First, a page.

•  7 Consider bankruptcy. If your debt is completely unreliable and you can’t get a way to move forward, it’s time to consider declaring bankruptcy. This is an important decision with lasting consequences that should not be taken lightly. Bankruptcy can make it very difficult to gain access to credit or to buy a home in the future.
  • In general, you can declare bankruptcy in two ways, depending on where you live, one of which is simpler and faster and which results in the elimination of most of your debts. But not everyone may qualify for this type of bankruptcy.
  • Bankruptcy should in most cases only be considered a last resort.
  • In some cases, bankruptcy can give a new start to a person.
  • Discuss your options in detail with a credit counselor and a lawyer specializing in bankruptcy and credit problems before making decisions.

Method 3
Handle emotionally with debt

Method 3 Handle emotionally with debt

 1 Recognize your debt problem. A general reaction is even to blame for the seriousness of the situation. The debt can be something difficult to handle emotionally, but it is essential that you recognize the situation and its impact on you. There is a growing number of evidence showing the impact of debt on stress and mental health. So it’s not something you should ignore.

  • Denying your debt can make the situation worse and slow down your response.
  • Don’t wait for an important event, such as an exclusion notice, to acknowledge your debt problems.
  •  2 Talk to someone about your stress regarding your debt. Debt can have a great psychological impact on you, so try to talk to someone about your situation. Talking to friends or family can be difficult, so seek the help of a therapist if your stress on your debt causes you real trouble. This is an important part of recognizing the situation. Only when you recognize your financial situation can you take the necessary steps to deal with it.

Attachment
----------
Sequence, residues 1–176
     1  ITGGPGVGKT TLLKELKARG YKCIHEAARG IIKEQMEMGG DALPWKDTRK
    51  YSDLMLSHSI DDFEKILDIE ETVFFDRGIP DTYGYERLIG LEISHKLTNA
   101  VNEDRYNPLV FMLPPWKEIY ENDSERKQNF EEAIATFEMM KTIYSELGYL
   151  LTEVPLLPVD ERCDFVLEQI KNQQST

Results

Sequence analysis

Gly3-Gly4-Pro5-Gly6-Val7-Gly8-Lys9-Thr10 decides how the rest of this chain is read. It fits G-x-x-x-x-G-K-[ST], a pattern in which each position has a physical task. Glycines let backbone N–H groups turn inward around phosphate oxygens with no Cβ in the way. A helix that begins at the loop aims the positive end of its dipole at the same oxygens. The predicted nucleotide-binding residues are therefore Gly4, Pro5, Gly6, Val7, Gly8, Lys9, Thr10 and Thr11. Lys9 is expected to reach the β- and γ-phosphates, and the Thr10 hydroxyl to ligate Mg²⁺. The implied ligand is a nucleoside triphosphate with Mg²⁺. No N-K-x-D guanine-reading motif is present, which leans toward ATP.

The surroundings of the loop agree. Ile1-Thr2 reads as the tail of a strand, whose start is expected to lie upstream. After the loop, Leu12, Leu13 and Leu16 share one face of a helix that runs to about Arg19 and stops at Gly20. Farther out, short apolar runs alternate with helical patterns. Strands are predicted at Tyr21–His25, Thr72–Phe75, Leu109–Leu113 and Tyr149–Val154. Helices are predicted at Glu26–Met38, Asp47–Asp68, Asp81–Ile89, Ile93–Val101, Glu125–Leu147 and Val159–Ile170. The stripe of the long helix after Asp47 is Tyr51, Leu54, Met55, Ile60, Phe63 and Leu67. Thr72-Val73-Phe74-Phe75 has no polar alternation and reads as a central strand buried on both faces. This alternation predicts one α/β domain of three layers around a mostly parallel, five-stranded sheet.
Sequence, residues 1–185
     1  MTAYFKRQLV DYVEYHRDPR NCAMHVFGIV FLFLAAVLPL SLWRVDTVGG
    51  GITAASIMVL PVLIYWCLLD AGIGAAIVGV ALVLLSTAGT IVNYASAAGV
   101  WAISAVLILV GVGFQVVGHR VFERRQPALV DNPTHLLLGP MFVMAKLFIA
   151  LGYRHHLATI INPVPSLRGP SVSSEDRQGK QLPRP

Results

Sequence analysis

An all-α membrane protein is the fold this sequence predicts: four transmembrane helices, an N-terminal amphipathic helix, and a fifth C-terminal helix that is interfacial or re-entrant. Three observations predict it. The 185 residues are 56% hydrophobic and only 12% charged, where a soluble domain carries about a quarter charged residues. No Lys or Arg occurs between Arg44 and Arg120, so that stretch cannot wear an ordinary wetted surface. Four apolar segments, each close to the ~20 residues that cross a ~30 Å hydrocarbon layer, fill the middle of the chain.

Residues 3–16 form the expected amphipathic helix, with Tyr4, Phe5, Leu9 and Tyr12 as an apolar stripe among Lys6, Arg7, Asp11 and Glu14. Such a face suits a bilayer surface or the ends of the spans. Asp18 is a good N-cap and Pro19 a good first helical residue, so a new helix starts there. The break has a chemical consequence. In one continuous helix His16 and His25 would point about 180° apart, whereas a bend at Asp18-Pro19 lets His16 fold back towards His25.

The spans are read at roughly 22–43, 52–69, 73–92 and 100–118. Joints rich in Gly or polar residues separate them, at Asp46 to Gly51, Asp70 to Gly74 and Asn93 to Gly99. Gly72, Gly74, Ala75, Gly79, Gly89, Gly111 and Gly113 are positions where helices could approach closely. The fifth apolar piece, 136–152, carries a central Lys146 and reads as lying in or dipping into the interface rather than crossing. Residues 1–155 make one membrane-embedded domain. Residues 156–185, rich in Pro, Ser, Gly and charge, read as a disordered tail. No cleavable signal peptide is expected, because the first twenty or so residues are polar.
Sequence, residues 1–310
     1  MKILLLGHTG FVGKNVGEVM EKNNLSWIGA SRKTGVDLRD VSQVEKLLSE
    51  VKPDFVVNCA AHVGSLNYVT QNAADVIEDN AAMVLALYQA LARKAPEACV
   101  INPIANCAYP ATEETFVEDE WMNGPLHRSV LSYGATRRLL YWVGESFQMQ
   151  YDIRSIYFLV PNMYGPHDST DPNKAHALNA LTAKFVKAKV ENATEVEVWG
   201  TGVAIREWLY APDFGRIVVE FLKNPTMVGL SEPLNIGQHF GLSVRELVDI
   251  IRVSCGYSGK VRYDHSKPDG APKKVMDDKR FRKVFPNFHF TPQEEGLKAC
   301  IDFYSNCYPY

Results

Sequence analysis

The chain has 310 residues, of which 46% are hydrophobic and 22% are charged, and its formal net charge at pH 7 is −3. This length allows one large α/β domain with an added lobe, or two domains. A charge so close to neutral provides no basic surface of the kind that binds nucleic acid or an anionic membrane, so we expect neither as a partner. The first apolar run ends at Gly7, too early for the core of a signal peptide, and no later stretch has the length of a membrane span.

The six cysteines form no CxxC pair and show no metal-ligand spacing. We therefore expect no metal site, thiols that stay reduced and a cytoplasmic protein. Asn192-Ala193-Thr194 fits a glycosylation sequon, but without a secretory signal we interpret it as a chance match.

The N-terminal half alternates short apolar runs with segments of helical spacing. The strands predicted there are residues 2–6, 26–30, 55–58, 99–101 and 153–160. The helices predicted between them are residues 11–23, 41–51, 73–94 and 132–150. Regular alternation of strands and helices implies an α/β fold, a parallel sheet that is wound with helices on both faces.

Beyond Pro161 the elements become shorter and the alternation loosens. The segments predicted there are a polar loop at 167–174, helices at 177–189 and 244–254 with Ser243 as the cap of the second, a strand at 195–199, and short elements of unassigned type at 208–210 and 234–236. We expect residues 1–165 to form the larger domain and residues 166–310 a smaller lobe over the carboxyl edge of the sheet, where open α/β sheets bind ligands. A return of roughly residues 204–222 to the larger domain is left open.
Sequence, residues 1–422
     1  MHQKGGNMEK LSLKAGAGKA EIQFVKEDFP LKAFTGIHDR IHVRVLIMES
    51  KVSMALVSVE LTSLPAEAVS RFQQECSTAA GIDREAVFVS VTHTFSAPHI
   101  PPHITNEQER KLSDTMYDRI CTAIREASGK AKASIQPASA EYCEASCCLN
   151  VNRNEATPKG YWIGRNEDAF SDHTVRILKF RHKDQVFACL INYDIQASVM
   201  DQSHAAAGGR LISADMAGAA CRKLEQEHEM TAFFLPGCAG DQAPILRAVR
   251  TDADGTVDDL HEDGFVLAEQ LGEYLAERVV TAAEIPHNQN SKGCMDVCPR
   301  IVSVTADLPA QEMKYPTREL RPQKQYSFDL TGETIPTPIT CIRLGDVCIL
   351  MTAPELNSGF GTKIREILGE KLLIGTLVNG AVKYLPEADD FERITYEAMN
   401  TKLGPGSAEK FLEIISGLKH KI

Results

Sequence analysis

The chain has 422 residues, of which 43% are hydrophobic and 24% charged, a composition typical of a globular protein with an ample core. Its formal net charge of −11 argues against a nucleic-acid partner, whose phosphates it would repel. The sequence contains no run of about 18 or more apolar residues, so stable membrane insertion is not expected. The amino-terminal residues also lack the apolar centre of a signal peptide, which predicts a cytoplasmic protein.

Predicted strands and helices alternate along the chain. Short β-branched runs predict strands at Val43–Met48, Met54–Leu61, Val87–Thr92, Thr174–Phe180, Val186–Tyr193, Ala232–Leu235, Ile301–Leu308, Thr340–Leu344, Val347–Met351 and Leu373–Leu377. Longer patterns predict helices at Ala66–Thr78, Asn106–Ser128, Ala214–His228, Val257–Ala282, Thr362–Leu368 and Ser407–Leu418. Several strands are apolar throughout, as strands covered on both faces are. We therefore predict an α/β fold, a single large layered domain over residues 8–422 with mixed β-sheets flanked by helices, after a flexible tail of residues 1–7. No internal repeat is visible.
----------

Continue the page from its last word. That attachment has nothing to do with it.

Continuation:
• Always seek impartial advice from a credit counselor, but do not neglect the psychological impact of the debt.
  •  3 Take measures to feel more positive. It’s quite normal to be anxious and stressed over a difficult financial situation, but you can take steps to make you feel more positive. Of course, it is important to work with debt and come financially, essential, but you can also try to improve your spirits. It can even help to handle debt and focus on finding a way forward.
  • Try to stay active. Get lots of exercise, but also spend time with your friends and do daily tasks.
  • View your fears by getting advice on debt and accepting the problem.
  • Try not to drink much. Some people use alcohol to deal with stress and anxiety, but drinking can increase your problems.
  •  4 Know when to get help. If your feelings of stress and anxiety are not relieved and have an impact on your ability to live your life, make an appointment with your doctor. If your negative feelings last for weeks, your doctor may recommend seeing a therapist to give you more support.
  • If you feel that you cannot handle it emotionally, or that it is not worth living, seek help immediately.
  • Do not let the situation deteriorate. Contact your doctor or call a helpline.